Today’s committee session brought forth an array of working papers ranging from implementing a database to establishing an advisory board composed of experts in issues regarding the rights of journalists. The purpose of this database is to register journalists in order to track which countries they are traveling to so should any danger arise there will be  means to deal with it. Moreover, the advisory board aims to educate journalists on a specific country’s issues in order to avoid violating customs or offending the people. These solutions were previously presented in past UN bodies, however the job of this committee was to figure out what to do with this data and to avoid dangerous situations of kidnapping and torture.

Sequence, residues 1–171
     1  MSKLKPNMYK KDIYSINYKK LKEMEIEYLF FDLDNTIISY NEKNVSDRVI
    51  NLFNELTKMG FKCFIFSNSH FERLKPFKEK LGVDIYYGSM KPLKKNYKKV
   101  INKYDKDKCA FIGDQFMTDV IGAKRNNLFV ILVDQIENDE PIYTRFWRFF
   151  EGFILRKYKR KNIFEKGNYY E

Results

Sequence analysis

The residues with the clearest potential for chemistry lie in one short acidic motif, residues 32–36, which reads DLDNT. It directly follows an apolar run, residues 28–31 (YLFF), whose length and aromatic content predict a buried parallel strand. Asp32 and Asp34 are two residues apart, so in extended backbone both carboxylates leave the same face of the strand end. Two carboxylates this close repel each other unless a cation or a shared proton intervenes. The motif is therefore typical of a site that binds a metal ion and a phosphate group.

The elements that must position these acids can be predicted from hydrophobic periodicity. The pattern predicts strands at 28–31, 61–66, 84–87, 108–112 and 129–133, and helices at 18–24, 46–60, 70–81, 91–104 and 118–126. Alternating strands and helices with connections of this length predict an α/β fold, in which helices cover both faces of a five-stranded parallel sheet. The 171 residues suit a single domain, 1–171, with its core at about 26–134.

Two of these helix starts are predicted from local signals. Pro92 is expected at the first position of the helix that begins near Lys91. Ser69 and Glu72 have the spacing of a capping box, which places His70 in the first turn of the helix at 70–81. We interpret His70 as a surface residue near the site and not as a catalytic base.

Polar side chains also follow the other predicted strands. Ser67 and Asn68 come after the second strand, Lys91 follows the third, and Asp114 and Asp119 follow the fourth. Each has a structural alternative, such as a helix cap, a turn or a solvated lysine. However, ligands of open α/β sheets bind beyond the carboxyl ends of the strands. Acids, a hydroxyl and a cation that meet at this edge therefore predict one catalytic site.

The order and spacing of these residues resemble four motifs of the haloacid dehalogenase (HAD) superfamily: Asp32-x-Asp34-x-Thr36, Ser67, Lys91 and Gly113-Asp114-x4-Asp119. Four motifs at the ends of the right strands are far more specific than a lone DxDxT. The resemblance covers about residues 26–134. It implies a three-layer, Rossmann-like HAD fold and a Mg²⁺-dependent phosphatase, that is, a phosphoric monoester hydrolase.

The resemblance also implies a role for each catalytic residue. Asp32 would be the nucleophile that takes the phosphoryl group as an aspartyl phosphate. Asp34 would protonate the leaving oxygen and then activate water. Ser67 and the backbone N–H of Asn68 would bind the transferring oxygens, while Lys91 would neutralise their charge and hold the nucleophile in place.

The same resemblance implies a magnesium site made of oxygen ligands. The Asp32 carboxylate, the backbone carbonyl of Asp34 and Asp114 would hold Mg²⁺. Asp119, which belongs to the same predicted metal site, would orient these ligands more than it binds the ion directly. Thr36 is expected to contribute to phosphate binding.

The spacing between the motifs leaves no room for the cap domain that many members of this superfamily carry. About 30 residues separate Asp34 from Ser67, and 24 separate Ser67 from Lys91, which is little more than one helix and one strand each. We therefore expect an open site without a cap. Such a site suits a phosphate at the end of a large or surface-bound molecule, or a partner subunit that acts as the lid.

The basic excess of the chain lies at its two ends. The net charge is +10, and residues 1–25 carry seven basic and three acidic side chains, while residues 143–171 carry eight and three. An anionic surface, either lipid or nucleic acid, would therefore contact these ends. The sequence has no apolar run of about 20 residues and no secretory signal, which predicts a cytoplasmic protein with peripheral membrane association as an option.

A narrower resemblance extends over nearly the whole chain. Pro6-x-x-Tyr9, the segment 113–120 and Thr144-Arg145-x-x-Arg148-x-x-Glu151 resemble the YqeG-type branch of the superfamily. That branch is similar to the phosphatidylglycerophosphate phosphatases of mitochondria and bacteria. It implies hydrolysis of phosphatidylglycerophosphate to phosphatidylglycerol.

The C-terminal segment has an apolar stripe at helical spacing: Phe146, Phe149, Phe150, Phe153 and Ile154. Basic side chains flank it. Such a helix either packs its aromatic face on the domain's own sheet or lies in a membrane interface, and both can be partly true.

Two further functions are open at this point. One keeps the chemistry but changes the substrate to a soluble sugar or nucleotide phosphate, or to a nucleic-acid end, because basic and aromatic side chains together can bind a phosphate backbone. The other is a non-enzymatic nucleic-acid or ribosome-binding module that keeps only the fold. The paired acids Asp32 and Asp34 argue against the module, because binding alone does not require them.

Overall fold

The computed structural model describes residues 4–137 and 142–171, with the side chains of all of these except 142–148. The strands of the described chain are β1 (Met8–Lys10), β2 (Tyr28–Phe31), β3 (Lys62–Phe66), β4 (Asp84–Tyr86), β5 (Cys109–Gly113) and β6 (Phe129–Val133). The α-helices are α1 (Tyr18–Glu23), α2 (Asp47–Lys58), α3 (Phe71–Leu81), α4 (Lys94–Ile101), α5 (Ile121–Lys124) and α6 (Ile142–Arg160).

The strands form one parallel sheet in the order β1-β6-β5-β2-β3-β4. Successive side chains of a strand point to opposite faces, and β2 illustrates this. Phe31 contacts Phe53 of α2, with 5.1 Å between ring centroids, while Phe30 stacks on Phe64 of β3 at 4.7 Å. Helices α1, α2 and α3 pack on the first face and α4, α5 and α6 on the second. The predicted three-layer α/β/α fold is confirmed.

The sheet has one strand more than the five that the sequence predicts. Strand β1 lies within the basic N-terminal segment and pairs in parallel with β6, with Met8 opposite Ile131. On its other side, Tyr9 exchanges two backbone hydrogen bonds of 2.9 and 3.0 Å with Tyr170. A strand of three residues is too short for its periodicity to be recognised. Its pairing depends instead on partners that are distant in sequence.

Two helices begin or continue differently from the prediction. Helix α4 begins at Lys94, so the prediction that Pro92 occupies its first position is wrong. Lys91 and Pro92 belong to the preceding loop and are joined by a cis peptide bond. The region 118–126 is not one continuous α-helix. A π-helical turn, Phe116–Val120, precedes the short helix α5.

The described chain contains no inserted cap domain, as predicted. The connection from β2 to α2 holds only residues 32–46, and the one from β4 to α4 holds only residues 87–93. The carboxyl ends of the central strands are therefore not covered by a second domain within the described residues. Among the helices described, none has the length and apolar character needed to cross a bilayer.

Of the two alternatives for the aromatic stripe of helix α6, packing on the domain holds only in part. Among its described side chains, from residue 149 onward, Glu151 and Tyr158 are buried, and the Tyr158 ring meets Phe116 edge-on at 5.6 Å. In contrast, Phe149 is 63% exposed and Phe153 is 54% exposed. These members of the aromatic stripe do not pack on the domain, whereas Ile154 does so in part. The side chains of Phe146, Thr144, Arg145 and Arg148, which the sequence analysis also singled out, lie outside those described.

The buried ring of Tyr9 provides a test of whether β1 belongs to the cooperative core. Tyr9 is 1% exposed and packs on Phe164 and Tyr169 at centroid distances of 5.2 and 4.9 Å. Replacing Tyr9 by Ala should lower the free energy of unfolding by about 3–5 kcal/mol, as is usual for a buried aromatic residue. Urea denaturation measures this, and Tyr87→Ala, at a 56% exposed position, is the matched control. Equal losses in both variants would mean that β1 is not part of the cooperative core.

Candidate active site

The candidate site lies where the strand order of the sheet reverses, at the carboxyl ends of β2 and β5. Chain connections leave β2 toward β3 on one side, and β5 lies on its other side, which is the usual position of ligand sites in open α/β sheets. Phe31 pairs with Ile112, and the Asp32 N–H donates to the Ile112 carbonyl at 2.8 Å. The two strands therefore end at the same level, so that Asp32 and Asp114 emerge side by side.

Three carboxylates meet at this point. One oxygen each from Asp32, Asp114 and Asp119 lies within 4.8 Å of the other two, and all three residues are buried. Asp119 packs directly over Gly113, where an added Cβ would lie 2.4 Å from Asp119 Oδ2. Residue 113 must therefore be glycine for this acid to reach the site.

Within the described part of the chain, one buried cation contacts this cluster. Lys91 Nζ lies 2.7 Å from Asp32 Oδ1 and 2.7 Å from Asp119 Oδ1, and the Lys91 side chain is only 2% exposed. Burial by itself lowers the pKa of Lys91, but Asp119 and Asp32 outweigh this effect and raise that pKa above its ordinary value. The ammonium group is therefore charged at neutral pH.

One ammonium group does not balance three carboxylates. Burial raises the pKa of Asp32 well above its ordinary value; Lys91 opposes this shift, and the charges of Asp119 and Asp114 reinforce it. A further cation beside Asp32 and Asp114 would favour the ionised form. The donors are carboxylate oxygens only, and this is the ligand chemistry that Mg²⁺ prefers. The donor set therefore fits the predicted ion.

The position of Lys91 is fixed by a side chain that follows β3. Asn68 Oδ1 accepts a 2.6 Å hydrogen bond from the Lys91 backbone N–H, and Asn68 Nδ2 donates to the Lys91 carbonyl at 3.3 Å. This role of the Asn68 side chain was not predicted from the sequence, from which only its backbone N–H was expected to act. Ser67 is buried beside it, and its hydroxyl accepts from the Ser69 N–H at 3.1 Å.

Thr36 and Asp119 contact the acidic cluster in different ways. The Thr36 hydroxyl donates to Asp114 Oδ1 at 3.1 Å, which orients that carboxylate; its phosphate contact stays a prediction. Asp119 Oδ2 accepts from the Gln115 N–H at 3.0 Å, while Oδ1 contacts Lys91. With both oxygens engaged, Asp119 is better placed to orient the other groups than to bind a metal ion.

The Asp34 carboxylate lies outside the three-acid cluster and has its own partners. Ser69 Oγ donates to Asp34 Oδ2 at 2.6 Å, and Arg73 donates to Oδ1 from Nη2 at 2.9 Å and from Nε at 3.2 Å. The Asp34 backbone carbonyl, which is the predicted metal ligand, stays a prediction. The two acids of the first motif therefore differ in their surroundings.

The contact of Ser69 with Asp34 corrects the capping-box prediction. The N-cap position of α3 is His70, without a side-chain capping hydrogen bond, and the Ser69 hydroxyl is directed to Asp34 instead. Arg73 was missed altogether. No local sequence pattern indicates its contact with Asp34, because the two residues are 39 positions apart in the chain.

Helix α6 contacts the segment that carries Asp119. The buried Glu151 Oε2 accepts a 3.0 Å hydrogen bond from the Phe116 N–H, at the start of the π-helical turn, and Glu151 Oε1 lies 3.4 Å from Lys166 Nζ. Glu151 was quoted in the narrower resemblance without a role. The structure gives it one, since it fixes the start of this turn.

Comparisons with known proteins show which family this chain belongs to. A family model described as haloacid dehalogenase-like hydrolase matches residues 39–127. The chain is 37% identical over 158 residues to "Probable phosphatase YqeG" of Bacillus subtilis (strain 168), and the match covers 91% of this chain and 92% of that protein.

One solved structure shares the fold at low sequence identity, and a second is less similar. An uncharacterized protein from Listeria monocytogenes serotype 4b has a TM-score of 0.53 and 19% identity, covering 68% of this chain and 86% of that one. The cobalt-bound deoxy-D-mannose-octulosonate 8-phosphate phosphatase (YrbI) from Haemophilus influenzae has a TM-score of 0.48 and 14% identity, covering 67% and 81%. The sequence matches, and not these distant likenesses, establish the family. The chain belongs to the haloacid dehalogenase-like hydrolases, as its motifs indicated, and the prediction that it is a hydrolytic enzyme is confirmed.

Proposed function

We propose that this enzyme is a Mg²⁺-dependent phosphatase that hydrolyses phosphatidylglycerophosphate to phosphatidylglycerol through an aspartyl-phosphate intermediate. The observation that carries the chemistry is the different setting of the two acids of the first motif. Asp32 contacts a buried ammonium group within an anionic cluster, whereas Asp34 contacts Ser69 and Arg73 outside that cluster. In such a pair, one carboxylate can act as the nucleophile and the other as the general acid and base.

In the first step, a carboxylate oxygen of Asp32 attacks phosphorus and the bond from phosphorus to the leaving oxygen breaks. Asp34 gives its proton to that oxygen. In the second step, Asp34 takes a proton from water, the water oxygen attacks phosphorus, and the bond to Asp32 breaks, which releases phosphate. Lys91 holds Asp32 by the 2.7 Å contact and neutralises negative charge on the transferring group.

The general consensus of these solutions were favorable with some dissenting opinions. Some delegates viewed this as effective while others acknowledged that there has to be a step more in ensuring that these dangerous situations do not arise. It is unrealistic to expect a one off solution since there is so much that has to be analyzed such as the purpose of a journalist’s visit and the person who they are interviewing, especially in a contentious war zone. Delegates refrained from delving into a journalist’s purpose of their visit in order to protect their privacy, however in some visits this is a necessary evil. This is to ensure that should any trouble arise, it will be easier to signal for help before it is too late. It is reasonable to assume that a journalist is willing to disclose most of the aspects of their visit because, they, more than anyone else are aware of the potential danger that they are putting themselves in for the sake of informing others and lowering the barrier of ignorance.